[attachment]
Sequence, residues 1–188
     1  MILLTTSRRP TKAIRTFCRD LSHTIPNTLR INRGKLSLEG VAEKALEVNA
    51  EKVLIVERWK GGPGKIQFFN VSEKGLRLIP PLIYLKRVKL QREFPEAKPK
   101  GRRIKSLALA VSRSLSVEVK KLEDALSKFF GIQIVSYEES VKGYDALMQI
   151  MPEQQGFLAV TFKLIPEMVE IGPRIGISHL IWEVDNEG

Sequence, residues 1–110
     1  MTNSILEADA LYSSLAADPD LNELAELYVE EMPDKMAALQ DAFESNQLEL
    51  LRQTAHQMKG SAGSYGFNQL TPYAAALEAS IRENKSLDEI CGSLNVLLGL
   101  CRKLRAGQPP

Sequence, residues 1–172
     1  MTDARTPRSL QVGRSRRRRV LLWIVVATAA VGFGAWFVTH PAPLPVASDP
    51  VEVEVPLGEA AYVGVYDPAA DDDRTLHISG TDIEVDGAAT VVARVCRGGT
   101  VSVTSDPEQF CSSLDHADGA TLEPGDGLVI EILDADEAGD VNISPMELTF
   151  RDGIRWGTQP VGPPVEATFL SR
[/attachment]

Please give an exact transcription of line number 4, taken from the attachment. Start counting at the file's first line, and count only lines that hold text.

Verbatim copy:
   101  GRRIKSLALA VSRSLSVEVK KLEDALSKFF GIQIVSYEES VKGYDALMQI